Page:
Online Presence

    Check your competitor's social media presence. Are they active? How are they using it for marketing? How do their followers interact with them?

    You can also look at online review sites to see what people are saying about their company. What do their customers like and dislike? These reviews can give you a great understanding of your competitor's online reputation.

    Try Their Product or Service

    It may seem wrong to support your competition, but by using their product or service, you can get firsthand experience and gain a ton of insight into the company.

    What is their shipping like? How quickly do they respond to customer service inquiries? What is the product/service itself like?

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    3. Identify Competitor's Market Positioning

    Once you've analysed your competitors, you should determine what sets them apart. Essentially, you are looking at why customers would choose to purchase from a particular competitor. They may appeal to customers for any number of reasons, such as:

    • competitive pricing
    • quality of product
    • exceptional customer service
    • innovative marketing tactics

    To determine your competitor's positioning, look at what they emphasise in their marketing copy. You can also use online reviews to determine why their customers chose their products/services.

    By determining what your competitors are doing to win over customers, you can figure out how to position yourself and stand out from your competition with a unique selling proposition.

    4. Stay Up to Date With Competitor Analysis Tools

    You don't need to stalk your competitor's every move, but it's a good idea to stay up to date on what they are doing so you can stay one step ahead in your industry.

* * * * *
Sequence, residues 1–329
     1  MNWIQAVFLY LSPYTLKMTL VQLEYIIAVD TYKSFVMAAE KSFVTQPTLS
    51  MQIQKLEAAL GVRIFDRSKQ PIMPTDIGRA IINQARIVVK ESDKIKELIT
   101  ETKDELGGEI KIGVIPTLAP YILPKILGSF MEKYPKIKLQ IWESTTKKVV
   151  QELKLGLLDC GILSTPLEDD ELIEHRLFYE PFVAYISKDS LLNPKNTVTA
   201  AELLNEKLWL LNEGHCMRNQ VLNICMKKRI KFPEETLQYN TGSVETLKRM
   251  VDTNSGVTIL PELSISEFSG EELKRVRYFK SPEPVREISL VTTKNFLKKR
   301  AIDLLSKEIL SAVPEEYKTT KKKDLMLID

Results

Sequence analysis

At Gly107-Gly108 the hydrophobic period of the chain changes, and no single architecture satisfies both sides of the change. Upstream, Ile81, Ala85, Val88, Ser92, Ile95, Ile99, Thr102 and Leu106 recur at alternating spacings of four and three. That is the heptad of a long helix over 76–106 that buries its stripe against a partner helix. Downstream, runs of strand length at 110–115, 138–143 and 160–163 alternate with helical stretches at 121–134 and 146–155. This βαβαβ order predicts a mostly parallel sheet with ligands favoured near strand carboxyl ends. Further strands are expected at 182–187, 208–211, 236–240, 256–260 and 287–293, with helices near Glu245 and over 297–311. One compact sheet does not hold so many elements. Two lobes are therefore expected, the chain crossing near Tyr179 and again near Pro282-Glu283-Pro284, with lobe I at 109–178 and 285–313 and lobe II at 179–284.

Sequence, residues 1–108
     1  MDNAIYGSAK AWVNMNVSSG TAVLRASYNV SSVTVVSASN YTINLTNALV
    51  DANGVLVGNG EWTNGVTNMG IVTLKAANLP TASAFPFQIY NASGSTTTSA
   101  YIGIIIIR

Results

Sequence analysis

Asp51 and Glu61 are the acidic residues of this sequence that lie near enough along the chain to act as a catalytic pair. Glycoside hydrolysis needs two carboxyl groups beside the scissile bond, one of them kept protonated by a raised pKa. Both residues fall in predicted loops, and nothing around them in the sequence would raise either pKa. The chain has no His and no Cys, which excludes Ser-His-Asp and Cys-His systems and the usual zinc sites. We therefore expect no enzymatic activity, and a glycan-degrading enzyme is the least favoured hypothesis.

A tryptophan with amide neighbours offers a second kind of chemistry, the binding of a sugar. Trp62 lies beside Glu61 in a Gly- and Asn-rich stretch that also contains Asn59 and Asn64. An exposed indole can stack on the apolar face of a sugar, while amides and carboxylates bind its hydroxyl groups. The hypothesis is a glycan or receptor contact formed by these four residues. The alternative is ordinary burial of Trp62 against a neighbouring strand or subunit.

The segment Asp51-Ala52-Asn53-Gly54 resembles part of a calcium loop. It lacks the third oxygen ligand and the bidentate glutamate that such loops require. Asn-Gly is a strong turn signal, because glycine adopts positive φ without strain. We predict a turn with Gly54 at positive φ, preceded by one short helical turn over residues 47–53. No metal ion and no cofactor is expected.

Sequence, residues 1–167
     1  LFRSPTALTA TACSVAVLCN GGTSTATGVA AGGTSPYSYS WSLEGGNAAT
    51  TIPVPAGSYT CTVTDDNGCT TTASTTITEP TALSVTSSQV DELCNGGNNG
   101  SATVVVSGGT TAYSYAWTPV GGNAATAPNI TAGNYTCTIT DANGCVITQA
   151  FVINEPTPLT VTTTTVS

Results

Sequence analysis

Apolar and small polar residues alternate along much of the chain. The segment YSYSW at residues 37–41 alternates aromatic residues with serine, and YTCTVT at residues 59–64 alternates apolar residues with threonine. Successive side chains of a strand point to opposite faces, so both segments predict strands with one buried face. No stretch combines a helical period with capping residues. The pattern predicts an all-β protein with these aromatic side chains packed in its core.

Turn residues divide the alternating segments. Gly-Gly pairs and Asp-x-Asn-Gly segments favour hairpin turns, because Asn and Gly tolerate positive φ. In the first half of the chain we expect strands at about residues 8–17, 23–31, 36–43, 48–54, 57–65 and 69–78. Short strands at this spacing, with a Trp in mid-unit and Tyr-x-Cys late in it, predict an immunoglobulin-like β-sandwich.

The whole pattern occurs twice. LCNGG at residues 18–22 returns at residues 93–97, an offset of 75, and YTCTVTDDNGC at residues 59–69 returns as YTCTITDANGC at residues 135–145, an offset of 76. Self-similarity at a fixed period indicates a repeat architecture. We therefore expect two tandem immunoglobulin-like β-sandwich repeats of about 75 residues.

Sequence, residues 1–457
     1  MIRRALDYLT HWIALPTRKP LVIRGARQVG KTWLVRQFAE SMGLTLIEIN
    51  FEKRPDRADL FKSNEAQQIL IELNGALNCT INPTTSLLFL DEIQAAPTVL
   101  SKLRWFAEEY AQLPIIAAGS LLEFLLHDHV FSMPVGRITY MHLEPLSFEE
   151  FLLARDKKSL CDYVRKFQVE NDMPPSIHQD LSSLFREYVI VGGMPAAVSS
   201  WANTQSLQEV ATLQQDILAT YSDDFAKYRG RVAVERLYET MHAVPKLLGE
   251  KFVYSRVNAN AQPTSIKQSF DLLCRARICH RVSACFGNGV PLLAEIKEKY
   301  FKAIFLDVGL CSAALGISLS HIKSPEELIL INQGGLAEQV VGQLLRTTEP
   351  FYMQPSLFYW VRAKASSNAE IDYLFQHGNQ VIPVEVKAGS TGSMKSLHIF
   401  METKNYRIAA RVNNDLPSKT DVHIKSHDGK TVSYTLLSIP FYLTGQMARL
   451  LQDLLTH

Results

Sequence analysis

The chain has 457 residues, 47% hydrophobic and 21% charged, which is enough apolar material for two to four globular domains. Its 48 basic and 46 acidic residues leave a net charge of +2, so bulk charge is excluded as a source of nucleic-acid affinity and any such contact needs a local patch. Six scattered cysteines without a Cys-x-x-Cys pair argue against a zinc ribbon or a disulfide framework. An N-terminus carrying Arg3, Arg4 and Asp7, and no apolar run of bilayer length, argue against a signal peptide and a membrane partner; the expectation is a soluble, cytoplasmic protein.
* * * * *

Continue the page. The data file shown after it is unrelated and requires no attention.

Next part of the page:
To do this, you can use their own marketing efforts to your advantage. Keep up with them on social media and subscribe to their newsletter to get a feel for what is going on within the company.

    You can also set up Google Alerts to get notified of their activity. This is also a great tool to track relevant keywords and get a feel for what is going on in your industry.

    There are also paid SEO tools to get an idea of your competitor's strategy and its effectiveness.

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    Use Competitor Analysis to Improve Your Business

    Competitor analysis allows you to make informed decisions about your business strategy. By staying informed on what is happening in your industry, you'll be one step ahead of the competition, allowing you to succeed even in a crowded market.

    If you need help with competitor analysis or using it to build an effective business strategy, you're in the right place. At Lift Strategies, we provide support to help grow your business. Learn more about how we can help you develop an effective communication strategy, and contact us for a free discovery session.

    Owen is a specialist business consultant with a professional background in policy, corporate affairs, strategy, marketing, engagement, trade and investment spanning two decades. Lift Strategies focuses Owen’s passion for understanding business hurdles and creating with clients their optimal strategy, marketing and engagement for market positioning and growth. He holds an MBA, Master of Business, Bachelor of Business and Diploma of Investor Relations.